Monday, November 21, 2011

Monday List #19-Chicago's Art Institute

Chicago is home to one of the greatest art museums in the world, The Art Institute. As a member of the AI I visit as often as I can. I can easily spend the entire day there wandering the labyrinth of collections, attending events, relaxing in the members lounge for a coffee or cocktail, enjoying lunch in one of the cafes or shopping at the museum gift shops. It is truly one of my favorite places to be.

Last Friday I attended a gallery talk on Doris Lee's 1935 painting Thanksgiving. A museum education member gave a short lecture on this piece as well as 2 other pieces that focused on the tradition of celebrating a bountiful harvest. These short gallery talks are one of the best ways to learn about the AI's collection as well as the artist and story behind the work.

Depending on how much time I have during my visit I try and see a few of my favorite works each time I am at AI. For today's Monday List I am sharing 10 of my favorite works at AI.
  1. Jacopo da Empoli's Portrait of a Nobelwoman Dressed in Mourning. This large painting is mesmerizing. Maybe it's the sheer size of the work, her imposing expression or her fantastic mourning clothes. Just love it.
  2. Jules Adolphe Breton's The Song of the Lark. There is no way to describe the color of the sun in this work. It's so brilliant in person it's like the artist captured the sun. I love the look on the young woman's face, I always imagine that if she is listening to the song of a lark, it has a very special meaning to her.
  3. William Powell Frith's The Lovers. To me this man and woman are Jane Austen characters. This little painting is hanging in a hallway, walk quick and you'll miss it. I wonder if they had a happy ending.
  4. Harald Sohlber's Fisherman's Cottage. The cottage glows. It's like a perfect vacation getaway, I can hear the water and the rustling of the trees.
  5. Monet's London Series. This is usually my first stop at AI. I love each of the works in this series of bridges. London, foggy, soft colors. Very dreamlike. My love for this series is one of the reasons I went to Giverny to visit Monet's home and gardens when I was in Paris last year.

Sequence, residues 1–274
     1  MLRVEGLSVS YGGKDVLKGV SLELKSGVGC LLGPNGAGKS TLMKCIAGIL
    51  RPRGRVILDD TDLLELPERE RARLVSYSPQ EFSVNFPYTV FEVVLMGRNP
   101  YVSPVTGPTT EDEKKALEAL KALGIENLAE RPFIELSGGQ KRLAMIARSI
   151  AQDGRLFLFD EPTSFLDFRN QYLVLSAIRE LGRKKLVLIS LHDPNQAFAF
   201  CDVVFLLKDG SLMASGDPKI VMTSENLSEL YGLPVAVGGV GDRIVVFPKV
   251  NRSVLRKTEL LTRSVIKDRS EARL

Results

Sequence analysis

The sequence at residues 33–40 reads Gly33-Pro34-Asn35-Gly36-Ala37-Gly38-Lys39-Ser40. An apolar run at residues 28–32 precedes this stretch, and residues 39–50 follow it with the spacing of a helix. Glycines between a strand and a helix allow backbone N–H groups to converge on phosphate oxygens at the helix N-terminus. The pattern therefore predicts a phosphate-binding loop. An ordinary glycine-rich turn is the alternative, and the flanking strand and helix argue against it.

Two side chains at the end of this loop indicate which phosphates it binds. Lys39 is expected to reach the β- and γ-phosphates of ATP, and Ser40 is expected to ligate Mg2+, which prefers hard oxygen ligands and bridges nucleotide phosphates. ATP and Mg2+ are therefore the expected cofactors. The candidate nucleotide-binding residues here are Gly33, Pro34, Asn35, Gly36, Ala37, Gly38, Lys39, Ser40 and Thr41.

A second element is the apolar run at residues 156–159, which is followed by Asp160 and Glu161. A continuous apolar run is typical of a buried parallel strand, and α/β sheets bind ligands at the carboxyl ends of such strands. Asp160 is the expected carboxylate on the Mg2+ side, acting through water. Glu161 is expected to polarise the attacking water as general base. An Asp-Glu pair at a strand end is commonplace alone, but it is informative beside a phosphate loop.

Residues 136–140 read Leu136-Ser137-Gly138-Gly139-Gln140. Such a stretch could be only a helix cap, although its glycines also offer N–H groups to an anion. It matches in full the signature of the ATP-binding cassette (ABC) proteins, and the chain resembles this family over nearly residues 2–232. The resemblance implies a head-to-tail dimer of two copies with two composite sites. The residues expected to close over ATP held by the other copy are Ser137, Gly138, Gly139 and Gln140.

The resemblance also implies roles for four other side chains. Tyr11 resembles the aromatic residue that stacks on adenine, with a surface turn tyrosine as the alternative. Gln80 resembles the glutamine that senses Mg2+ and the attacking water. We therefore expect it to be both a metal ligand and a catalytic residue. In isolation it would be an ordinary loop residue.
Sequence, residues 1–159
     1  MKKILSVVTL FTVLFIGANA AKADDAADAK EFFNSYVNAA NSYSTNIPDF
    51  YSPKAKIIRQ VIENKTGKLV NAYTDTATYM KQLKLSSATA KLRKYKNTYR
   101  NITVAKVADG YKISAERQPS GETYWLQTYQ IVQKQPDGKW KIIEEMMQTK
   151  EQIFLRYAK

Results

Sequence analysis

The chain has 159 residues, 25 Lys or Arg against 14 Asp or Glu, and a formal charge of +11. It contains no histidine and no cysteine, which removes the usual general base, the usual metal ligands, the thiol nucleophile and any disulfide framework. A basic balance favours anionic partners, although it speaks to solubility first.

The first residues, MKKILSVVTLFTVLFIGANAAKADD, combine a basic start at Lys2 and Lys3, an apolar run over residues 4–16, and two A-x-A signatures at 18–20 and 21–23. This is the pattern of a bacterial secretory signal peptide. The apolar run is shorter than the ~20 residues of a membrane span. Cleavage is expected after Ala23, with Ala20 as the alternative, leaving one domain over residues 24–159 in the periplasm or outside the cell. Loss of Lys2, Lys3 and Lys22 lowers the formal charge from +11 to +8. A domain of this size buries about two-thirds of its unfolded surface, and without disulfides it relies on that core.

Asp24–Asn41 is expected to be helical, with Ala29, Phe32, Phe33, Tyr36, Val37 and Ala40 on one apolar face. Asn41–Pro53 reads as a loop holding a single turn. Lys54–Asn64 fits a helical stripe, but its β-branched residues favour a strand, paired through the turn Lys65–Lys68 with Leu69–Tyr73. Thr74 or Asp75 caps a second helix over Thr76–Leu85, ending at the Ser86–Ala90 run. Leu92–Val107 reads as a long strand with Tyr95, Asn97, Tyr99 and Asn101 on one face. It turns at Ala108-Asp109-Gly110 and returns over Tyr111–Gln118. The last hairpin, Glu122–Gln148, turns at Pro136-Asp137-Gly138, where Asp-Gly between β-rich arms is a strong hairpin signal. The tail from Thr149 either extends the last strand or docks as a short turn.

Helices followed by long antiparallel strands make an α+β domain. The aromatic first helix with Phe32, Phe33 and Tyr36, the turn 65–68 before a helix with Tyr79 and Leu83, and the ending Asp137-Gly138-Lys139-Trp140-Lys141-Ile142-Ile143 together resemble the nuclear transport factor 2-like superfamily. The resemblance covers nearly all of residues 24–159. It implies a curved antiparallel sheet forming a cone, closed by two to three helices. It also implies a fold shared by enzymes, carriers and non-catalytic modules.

6. Every work by Ivan Albright. When I first saw Ivan Albright's Picture of Dorian Gray, I was horrified (he painted it for the 1940's movie adaption of Oscar Wilde's famous novel) The more I look at it the more I admire it. It's really quite ghastly but hard to look away from. I recently bought a print of Into the World There Came a Soul Called Ida and I might get some strange questions from guests when they see it hanging in my home. His works are haunting, check out another favorite, his famous Door, That Which I Should Have Done I Did Not Do. Both the Picture of Dorian Gray and Door are HUGE works which makes them even more fascinating.
  7. John Singer Sargent's Madame Paul Escudier (Women in Blue Dress). When I think of grand portraits in castles, I think of Sargent. I love the woman's dress, very Edith Wharton era. Love the darkness of the room.
  8. Dante Gabriel Rossetti's Beata Beatrix. So sad and so lovely. The artist's dead wife at the minute of her death and in the small panel below the portrait, the moment he meets his wife in the afterlife.
  9. Thorne Miniature Rooms. 68 tiny little rooms, a historical dollhouse. You have to see these rooms to believe it.
  10. William Zorach's Summer. Surreal and sexy, you can just imagine what they've been doing or what they are about to do.
If you are a Chicagoan or will be visiting the City, AI is a must see. You have to linger here, there is no rushing, you'll miss something wonderful. If you are looking for someone to wander with let me know, I will bring you for free as a member guest.

No comments: